From the different ways of testing truth or ascertaining truthfulness, people developed different understanding of truth. For some people, truth is objective, universal and eternal. It is equated to being per se. whatsoever is, is accepted as truthful, beautiful, good and lovely. Those who take truth from this kind of perspective distinguish between ontological truthfulness and logical truthfulness. Ontological truthfulness has to do with the being of things (Lehrer, 47). In this sense, it is true that which is. Truthfulness is self evident in being and does not need any other measure beyond conformance of our mental ideas to reality.
Truth seen on any other level is subjective and relative. It is highly determined or informed by an individual’s upbringing, education, skills and is not necessarily about things as they actually are. This level allows for the consideration of truthfulness ascribed to beings of reason. Beings of reason are those things created by the human mind that do not have existence in the world; things that are a result of thought on thought (Lehrer, 23). Such things may later be actualized as products of human ingenuity and creativity. Their truthfulness can most appropriately be determined by such measures as practical application/ value, coherence or consensus. Social system is created out of logical considerations. The truthfulness of such like constructs is relevant to the extent that paradigm fits and works. Over time with changes in natural environment as well as conception of new more intricate, more rewarding system, the former are rendered useless and irrelevant. The truthfulness of their being the best system will have been relegated as appropriated over time. It follows; therefore, the understanding of truth has to be contextualized. Unless things or issues are taken in context, their truthfulness is missed leading to misunderstanding. If things are understood in context, their truthfulness is appropriated as per the right sense thus averting any form of skepticism.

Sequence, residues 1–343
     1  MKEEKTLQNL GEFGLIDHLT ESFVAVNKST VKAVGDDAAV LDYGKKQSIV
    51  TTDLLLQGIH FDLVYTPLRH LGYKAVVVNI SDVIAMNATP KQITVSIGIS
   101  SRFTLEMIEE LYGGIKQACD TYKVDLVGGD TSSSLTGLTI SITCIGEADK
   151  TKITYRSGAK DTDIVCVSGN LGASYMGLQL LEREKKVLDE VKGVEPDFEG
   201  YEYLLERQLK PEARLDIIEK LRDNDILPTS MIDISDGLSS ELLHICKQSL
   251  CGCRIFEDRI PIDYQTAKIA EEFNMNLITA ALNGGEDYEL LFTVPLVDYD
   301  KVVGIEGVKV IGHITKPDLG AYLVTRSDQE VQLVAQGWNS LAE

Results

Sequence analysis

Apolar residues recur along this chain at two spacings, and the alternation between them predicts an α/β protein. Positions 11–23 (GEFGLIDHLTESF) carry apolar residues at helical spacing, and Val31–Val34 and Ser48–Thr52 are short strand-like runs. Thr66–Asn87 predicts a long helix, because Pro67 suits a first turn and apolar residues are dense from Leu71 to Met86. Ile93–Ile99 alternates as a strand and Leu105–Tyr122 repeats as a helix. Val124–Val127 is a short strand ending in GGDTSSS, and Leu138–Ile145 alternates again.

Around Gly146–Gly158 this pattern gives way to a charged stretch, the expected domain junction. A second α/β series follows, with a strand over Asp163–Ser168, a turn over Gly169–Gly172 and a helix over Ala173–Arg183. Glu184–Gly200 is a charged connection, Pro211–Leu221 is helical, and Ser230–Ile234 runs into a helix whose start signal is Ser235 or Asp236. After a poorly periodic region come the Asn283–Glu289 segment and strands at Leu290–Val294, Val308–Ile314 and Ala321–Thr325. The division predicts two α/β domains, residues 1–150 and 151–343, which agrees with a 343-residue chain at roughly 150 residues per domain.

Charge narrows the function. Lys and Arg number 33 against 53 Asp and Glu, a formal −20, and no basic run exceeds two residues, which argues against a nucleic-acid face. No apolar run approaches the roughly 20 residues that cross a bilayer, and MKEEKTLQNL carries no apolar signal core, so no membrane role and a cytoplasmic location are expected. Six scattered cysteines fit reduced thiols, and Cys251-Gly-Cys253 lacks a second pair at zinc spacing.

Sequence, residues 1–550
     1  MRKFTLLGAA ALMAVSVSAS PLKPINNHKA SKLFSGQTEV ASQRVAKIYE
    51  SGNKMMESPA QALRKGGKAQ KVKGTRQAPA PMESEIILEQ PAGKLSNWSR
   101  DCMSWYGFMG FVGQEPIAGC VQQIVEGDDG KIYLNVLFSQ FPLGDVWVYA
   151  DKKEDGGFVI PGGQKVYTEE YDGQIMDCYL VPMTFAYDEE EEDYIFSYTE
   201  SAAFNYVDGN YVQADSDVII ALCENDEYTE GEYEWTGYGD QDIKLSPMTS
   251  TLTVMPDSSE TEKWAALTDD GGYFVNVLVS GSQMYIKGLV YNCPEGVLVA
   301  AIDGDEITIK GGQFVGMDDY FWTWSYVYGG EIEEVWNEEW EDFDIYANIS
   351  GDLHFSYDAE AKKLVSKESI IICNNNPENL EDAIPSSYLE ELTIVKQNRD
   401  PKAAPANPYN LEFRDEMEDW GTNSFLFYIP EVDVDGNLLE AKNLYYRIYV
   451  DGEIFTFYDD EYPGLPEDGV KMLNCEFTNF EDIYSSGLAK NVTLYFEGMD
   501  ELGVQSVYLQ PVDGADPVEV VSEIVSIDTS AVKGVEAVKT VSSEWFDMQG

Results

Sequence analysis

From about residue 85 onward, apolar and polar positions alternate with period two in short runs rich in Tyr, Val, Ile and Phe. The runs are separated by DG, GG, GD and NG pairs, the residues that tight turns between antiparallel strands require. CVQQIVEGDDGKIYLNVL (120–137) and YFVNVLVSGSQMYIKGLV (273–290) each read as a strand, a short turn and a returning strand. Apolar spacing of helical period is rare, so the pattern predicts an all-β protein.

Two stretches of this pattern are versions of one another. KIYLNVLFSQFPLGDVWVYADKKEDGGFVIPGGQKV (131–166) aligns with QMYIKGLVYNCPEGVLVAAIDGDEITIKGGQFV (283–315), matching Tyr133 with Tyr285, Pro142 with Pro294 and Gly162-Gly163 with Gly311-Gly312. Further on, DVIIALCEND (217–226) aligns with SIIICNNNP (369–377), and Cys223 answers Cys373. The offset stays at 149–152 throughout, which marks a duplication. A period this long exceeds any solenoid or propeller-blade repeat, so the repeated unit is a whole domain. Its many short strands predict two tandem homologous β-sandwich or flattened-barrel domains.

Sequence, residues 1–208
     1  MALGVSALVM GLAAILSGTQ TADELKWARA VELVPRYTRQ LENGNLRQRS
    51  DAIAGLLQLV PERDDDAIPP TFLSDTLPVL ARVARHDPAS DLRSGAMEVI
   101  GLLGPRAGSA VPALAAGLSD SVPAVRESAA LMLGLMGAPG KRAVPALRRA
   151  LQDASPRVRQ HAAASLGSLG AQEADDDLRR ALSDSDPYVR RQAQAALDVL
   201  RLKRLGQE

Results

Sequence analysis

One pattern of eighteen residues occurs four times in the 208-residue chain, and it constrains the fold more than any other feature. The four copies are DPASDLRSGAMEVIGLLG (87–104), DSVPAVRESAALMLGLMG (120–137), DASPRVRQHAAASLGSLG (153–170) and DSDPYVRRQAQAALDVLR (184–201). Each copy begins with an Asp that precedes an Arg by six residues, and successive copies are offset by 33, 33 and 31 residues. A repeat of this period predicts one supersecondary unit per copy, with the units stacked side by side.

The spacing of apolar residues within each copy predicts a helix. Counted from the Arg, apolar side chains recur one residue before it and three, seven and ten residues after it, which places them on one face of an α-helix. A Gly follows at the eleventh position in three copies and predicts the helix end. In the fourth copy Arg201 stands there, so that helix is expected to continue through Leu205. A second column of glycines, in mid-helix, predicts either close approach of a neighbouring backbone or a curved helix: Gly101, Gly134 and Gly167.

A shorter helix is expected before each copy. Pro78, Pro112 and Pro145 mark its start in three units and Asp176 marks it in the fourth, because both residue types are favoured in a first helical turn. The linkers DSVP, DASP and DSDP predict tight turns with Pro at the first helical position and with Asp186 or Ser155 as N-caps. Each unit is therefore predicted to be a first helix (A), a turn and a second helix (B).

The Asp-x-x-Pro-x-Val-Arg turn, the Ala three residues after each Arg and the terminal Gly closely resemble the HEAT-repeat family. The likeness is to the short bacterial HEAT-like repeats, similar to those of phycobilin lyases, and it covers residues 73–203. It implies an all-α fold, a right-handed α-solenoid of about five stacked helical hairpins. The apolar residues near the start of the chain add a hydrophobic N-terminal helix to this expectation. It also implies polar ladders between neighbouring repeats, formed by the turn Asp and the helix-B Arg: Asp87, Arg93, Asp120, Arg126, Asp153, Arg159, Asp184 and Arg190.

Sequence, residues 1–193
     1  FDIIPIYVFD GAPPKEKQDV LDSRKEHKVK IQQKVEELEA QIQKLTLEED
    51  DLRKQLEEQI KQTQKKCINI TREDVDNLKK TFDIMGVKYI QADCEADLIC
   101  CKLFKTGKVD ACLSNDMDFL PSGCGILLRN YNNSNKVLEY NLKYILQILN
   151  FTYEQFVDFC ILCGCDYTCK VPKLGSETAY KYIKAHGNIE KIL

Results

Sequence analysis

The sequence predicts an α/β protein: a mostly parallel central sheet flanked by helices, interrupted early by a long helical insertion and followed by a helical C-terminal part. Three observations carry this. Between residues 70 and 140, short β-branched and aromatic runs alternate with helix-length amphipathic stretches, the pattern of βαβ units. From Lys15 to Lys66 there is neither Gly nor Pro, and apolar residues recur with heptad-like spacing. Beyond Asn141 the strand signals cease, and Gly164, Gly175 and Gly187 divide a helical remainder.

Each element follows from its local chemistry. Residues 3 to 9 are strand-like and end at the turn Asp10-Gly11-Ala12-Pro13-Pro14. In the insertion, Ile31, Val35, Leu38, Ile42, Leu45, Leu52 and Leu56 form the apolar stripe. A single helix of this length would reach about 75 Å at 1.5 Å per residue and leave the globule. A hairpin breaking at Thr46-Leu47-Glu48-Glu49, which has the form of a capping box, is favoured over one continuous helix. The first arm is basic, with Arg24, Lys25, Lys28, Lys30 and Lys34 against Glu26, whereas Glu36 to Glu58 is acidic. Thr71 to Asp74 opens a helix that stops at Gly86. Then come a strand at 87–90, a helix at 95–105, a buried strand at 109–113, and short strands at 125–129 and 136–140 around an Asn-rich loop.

Taking each and everything in context does not warranty the talking about different kinds of truths. Truth remains truth despite context; only that it is defined more by given postulates in given context than in others (Gadamer, 83). Are truths in mathematics, ethics and art different? One would validly argue that they are and they are not. There are some mathematical postulates that are not universally acceptable while there are some ethical considerations that are more or less universal. There is this ethical consideration, the golden rule. Somehow, it appears that all people, despite of culture or race would agree to the importance to treat others well as the only sure way of assuring own survival in this world. Consider a poem, the probability of one poem being interpreted differently not withstanding, a properly written poem or sculptured work of art would often vividly convey its message without running risk of many different valid subjective interpretations (Gadamer, 95).